Dragon DRW50133 USN Goodyear FG-1D Corsair Fighter w/Folding Wings - "Skipper's Orchid" HQSS-22, Ryukyu Islands, June 1945 (1:72 Scale)
"Why should we have a navy at all? There are no enemies for it to fight except apparently the Army Air Force."
- General Carl Spaatz, Commander of the US 8th Army Air Force, after WWII
Its gull-wing shape made it instantly recognizable. Its characteristic sound while in an attack dive led the Japanese to call it "The Whistling Death." Combined with its high speed, agility and toughness, the Vought F4U Corsair was one of the finest fighters ever built. Originally thought to be too powerful to fly from a carrier, the Corsair weaved a path of destruction in battle after battle during WWII, totally outclassing the much-feared Zero. The last of the great piston-engine fighters, the Corsair went on to become an important component of the US naval air power during the Korean War. Even while it was being replaced by jet aircraft, pilots flying this tough warbird were credited with downing a few MiG-15 jet fighters.
Pictured here is a 1:72 scale replica of a US Navy FG-1D Corsair fighter, nicknamed "Skipper's Orchid", which was flown by the HQSS-22 (Headquarters Service Squadron). Produced by Goodyear, the FG-1D is identical to the F4U made by Chance-Vought and features actual folding wings! Sold Out!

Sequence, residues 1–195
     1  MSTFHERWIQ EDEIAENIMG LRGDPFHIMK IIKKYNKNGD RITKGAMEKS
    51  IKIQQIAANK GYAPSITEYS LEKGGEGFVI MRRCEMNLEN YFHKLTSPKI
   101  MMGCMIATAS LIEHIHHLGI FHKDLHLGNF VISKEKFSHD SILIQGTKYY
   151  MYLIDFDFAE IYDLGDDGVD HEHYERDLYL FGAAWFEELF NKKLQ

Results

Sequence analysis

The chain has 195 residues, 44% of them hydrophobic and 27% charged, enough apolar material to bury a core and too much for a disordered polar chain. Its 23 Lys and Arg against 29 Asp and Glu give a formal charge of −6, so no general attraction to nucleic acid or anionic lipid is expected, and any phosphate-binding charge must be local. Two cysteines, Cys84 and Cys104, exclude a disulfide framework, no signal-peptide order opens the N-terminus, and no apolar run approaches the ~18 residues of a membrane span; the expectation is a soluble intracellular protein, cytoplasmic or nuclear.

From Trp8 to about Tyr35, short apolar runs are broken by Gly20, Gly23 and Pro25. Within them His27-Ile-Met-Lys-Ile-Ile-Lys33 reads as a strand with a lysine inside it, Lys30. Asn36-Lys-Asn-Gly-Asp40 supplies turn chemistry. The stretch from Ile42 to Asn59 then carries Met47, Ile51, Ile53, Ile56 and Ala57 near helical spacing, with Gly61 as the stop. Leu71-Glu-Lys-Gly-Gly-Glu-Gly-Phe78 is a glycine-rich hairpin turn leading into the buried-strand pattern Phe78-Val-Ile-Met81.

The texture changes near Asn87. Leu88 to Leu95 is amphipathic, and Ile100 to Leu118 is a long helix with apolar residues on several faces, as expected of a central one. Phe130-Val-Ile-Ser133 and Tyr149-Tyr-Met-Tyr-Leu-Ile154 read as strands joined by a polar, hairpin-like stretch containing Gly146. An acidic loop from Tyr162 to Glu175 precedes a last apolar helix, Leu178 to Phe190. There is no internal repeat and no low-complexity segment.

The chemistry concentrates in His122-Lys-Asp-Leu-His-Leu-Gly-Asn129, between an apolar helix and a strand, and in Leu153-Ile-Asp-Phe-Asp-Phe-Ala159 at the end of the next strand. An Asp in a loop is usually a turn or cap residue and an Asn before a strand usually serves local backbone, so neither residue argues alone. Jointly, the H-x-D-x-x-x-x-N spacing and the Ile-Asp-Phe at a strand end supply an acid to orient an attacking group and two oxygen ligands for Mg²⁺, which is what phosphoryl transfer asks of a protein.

Wingspan: 6.5 inches
Length: 5 inches
Release Date: October 2005
Historical Account: "Under New Management" - In 1879, the Japanese Meiji government announced the annexation of the Ryukyus. Messengers sent by the Ryukyuan king had knelt outside the Zongli Yamen, the Chinese foreign affairs office in Beijing, for three days, pleading not to be separated from China. China, weakened from internal corruption and colonial occupation, refused the request to send military protection. Instead, China made diplomatic objections and asked former United States President Ulysses S. Grant to arbitrate. Grant decided that Japan's claim to the islands was stronger and ruled in Japan's favor. The claims of the indigenous Ryukyuans to the land were ignored.
In the process of annexation, the Japanese military assassinated Ryukyu politicians and civilians who opposed the takeover. The Ryukyu Kingdom became part of its northern neighbour, the Satsuma han. Later, it became its own prefecture, Okinawa Prefecture, when the prefectural system was adopted nationwide. Compulsory Japanese education was enforced on the Ryukyu children, whereby they were taught Japanese language, culture and identity, while strictly forbidden the use of their native language.
Military activity on the island, before and during World War II, especially the Battle of Okinawa, had a devastating effect on the Okinawan people. A huge loss of civilian life left many feeling that they were being mistreated by both the Japanese and American military. Okinawa remains the poorest prefecture in Japan to this day.
The US was granted control over the Ryukyu Islands south of 29Â°N latitude amongst other Pacific islands, under the San Francisco Peace Treaty between the Allied Powers and Japan. US military control over Okinawa began in 1945 with establishment of the Okinawa Advisory Council. This organization eventually became the government of the Ryukyu Islands which existed from 1952 to 1972. Sovereignty was given to Japan in 1972.